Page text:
Your Guide to Gathering: Navigating Tablescapes

September 27, 2022

As October nears and fall settles in, chances are you’ve received invites for parties, gatherings, and dinners. Whether you find yourself playing the role of host or guest, navigating a tablescape is no small feat. From the glasses (stemware) to the cutlery (flatware), it can all seem to be a rather complex undertaking—which begs the question: why set the table at all? 

For hosts, it shows their guests that they wanted to put in the time and effort to set the tone for conversation and connection to unfold around. By preparing a table for all of a meal’s needs, you avoid scrambling for utensils when it comes time to eat. (Not to mention, it can look gorgeous and be a creative endeavor for the host as well, no matter how casual or formal the event is.)

If you’re a guest, the good news is there is nothing on the table in front of you that doesn’t serve a purpose. So, if sitting down at an arranged table makes you feel like you have bitten off more than you can chew, your guide to tablescapes is here. 

Forks, spoons, and knives—oh my!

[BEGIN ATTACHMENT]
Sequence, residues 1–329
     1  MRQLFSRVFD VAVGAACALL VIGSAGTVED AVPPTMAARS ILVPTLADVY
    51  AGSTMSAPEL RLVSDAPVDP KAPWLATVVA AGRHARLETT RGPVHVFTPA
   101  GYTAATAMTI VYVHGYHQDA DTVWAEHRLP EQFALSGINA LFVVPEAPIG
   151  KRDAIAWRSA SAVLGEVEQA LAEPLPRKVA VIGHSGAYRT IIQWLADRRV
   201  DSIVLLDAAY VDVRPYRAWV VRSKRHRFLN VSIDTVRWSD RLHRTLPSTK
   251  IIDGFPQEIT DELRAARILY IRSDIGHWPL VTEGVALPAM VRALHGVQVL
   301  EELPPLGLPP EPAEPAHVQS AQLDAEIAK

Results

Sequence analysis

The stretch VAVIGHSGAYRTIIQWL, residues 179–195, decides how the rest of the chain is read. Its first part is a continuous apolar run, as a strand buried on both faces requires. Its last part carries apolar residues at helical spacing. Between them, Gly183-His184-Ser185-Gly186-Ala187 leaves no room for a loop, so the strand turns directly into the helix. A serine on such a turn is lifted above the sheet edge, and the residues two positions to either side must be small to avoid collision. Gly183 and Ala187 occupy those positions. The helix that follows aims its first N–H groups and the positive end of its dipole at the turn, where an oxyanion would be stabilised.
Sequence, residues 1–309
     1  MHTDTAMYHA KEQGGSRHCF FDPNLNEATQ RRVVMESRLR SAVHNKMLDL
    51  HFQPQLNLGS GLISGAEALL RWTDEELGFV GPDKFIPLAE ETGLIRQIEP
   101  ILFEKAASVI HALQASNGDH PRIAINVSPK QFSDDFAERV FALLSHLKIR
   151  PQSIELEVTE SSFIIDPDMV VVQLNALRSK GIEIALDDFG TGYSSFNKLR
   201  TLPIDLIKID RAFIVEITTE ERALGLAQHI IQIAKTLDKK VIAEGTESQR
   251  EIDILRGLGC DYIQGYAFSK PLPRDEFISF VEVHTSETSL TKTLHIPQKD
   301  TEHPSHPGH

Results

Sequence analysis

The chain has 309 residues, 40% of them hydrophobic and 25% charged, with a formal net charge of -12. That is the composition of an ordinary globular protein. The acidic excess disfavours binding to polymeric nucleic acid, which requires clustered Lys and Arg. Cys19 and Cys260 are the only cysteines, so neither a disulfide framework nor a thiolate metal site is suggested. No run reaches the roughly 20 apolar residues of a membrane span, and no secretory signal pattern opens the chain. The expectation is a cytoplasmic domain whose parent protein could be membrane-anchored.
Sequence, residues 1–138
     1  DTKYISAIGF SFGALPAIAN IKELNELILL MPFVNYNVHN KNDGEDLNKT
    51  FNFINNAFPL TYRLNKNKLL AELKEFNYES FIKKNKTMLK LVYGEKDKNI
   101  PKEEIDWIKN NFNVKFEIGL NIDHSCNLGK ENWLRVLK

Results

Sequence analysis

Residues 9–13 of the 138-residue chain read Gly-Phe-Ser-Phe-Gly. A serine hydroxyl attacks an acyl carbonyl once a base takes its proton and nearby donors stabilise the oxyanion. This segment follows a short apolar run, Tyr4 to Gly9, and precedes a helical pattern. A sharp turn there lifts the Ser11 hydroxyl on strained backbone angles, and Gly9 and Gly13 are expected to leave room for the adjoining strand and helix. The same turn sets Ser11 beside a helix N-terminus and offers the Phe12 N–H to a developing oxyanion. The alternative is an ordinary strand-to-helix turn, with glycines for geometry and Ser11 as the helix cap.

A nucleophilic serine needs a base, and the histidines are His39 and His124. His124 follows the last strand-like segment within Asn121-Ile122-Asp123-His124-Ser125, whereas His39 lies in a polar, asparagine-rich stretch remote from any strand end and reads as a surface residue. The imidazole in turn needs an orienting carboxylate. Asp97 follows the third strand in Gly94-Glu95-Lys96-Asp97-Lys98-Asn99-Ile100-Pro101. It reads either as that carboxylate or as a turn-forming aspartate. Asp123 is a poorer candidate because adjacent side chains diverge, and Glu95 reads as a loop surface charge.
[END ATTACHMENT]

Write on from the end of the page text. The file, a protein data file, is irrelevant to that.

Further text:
There is one very easy way to demystify cutlery: start out and work your way in. Forks are on your left, and soup spoons and knives are on your right. If there is a teeny, tiny, fork or spoon on your outermost right, do not fret—that is for a seafood course. If there is a fork and spoon resting horizontally above your place setting, those are for dessert and will be used at the end of your meal. 

And, if you are wondering just how long the meal will last (we have all been there), the more pieces of silverware, the longer you should expect to be at the table. 


It may feel daunting trying to remember which glass is your own (especially if each place setting has multiple). All of your glasses will be to your right—the age-old trick is to bring your thumb and pointed finger together on each hand, forming a “b” shape with your left hand and a “d” shape with your right; the “b” side represents your bread and the “d” side your drink. 

Just like flatware, each cup serves a different purpose. Your water glass will likely be directly above your knives. If there are additional glasses, this likely means that different wines have been paired with your meal—lucky you! A red wine glass typically has a fuller bowl, while a white wine glass is slightly slimmer. Typically forming a triangle, your water glass is, again, above your knife; above and to the right of it, your red wine glass; and below and to the right of it, your white wine glass. 

Regardless of the event, a full tablescape can be a fun way to mix things up. Just remember that everything serves a purpose, and when all else fails, your host will know how everything is meant to be used.

Enjoy this time of year when we are never more inspired and expected to gather around the table with friends, family, and loved ones.

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